Plankton Bloom Has Beachgoers Seeing Red

Times Staff Writer

Surfer T.K. Brimer thinks it’s a bummer when this summer’s persistent red tide turns his favorite Newport Beach surfing spot the color of root beer and leaves his wetsuit reeking. The red tide goes away for a day or two, but it always comes back.

From Santa Barbara to San Diego, a dogged red tide has clung for nearly four months to Southern California’s coastline like sticky gum on a shoe.

Surfers are tired of paddling through sludge, and beachgoers have seen enough murky water.


“I remember in the past when we had two weeks of red tide and how we were bemoaning and complaining,” said Brimer, 57, who owns the Frog House, a Newport Beach surf shop. “This is by far the worst red tide season I’ve ever seen.”

Red tides occur when microscopic phytoplankton reproduce very quickly and in large numbers, giving the water a reddish-brown hue. The annual algal blooms usually come and go every few weeks beginning in May. The blooms usually dissipate for good as water temperatures drop.

But this year, the plankton blooms have persisted almost four months, with little more than a few days respite between blooms. The seemingly unrelenting red tide, combined with a lack of big waves, has made for a dismal surfing summer.

“It’s been pretty miserable,” said Sean Collins, a forecaster for Huntington Beach-based Surfline, which publishes surf conditions online.

Orange County has seen one-fourth the number of southern swells that usually come every summer, he said. Summer surfing contests turned into waiting games as only tiny waves trickled in.

“When you take really bad surf for the last six months and compound that with horrible conditions like the red tide ... I think people are saving up for tickets to Fiji,” Collins said.


Marine biologists say that although extended periods of red tide aren’t unheard of, this year’s event is probably the most severe in recent memory.

“I don’t remember a red tide like this before, and I’ve been watching for about 31 years,” said Dennis Kelly, professor of marine science at Orange Coast College in Costa Mesa. “It’s pretty surprising to me.”

Experts are stumped. Some scientists suspect the phytoplankton are persisting this year as a result of enormous amounts of nutrient-filled runoff flushed into the ocean by last winter’s storms. Others contend the red tides are more a function of weather patterns. The algae seem to flourish after it’s been windy for a few days. The wind pushes the top layer of warm ocean water away and allows nutrient-rich cold water to come to the surface.

The algal blooms can be seen coloring the ocean for about a quarter-mile out from shore. This year’s bloom is also thicker than usual, with some red tides reaching 20 feet deep -- four times the average. The ongoing red tides may also have drawn the hordes of jellyfish to waters off Orange and Los Angeles counties in July, because jellies feed on plankton.

But if there’s a silver lining to the algal invasion, it’s that certain phytoplankton put on a light show after dusk, flashing brightly as they’re tossed in the surf.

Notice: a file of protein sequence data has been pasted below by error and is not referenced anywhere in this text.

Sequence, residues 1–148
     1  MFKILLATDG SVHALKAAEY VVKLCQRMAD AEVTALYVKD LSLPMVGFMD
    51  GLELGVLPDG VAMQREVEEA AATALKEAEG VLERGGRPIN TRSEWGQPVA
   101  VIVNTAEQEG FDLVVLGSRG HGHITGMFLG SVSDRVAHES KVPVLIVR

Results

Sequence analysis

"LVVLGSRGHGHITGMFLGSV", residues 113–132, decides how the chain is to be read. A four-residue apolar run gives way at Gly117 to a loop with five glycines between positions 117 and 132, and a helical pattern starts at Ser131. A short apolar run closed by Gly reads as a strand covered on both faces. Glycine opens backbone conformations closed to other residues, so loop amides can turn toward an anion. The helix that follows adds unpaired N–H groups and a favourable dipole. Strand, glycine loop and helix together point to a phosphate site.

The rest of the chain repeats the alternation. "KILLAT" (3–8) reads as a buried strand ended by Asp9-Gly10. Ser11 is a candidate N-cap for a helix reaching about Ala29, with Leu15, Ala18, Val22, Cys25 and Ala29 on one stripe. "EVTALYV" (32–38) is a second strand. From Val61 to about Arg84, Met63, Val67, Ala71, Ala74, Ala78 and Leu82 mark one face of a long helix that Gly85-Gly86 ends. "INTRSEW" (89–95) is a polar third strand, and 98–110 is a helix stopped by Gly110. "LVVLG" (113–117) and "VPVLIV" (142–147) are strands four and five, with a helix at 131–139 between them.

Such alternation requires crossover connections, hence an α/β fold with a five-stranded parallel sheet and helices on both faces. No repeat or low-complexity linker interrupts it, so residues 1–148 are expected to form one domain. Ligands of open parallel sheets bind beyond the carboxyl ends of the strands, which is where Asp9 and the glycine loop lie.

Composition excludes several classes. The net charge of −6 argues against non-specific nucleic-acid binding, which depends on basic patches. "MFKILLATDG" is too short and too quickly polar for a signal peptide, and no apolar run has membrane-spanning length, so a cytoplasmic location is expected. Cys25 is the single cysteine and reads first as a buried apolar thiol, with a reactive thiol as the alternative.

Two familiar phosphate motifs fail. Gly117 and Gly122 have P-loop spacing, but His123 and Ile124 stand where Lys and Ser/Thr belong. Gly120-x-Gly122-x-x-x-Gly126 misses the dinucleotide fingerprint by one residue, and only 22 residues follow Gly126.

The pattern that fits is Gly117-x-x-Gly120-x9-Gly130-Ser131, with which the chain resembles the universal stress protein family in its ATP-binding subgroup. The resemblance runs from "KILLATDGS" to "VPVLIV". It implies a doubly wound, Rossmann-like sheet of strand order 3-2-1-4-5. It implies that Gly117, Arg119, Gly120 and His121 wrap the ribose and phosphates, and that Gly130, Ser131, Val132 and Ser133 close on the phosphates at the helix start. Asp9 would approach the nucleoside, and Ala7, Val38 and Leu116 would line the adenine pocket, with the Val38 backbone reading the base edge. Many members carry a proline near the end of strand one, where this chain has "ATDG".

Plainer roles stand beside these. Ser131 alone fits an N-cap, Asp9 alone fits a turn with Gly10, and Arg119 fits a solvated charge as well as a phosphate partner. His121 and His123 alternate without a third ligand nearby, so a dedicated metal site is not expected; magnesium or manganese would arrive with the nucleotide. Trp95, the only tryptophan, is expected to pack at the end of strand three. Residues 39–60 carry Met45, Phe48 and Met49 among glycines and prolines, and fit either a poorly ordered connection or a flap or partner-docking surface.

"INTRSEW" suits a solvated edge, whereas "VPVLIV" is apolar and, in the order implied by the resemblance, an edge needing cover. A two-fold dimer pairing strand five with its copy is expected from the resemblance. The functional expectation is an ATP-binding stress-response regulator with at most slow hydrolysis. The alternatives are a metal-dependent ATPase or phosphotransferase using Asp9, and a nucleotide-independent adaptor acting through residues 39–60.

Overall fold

“Boy, you can get some spectacular light shows at night. Just kicking up the damp sand makes your footprints illuminate,” Brimer said. “It’s amazing how beautiful it is at night but how objectionable it is in the daytime.”

And although a red ocean is less inviting than a blue one, the types of phytoplankton off Southern California’s shores this year don’t pose a serious human health hazard, said William Cochlan, a San Francisco-based research scientist who studies toxic red tides.

Nonetheless, some surfers say that they’ve suffered itchy eyes, sore throats and ear infections after swimming in red tide.

Tourists renting bodyboards, wetsuits and surfboards from Huntington Surf & Sport on Main Street in Huntington Beach routinely ask what’s wrong with the water. But most have no problem getting their feet wet once they’re told it’s stinky but safe.

“Their initial reaction is ‘What is that?’ but once we explain to them that it’s not raw sewage, they’re OK with it,” said Mike Sheldon, a store manager. “It’s tempting to say ‘It’s bad, don’t go in,’ to keep the water clear and not crowded, but we always tell them it’s OK.”

Sheldon, 31 and an avid surfer, says the red tide hasn’t deterred him from going in the water. But he admits it’s less than a pleasant experience.

“It’s like swimming in sludge,” he said.

But safe phytoplankton or not, others would just rather stay away. Huntington Beach resident Renee Rappa, 27, won’t let her family into the water when it’s not clear.

“We come down here and hang out, but I don’t want my niece and nephew swimming in it.”

Besides, she said, “we have a pool.”



Summer cycle

“Red tide” is produced when millions of phytoplankton--a single-celled algae--bloom and concentrate into a mass in the ocean. Scientists suspect that increased nutrients from winter runoff and ocean upwelling contribute to the phenomenon.

Red tide cycle

1. Winter rains wash nutrients, such as fertilizer, from land into the ocean.

2. Dormant phytoplankton on the ocean floor hatch into swimming cells when water temperature warms.

3. Winds blow away warm surface water, resulting in upwelling, in which cold, nutrient-rich water rises to the surface.

4. Phytoplankton feed on nutrients. Each cell multiplies exponentially. One cell can produce up to 8,000 offspring in a week. The resulting mass is “red tide.”

Sources: Woods Hole Oceanographic Institute, Surfrider Foundation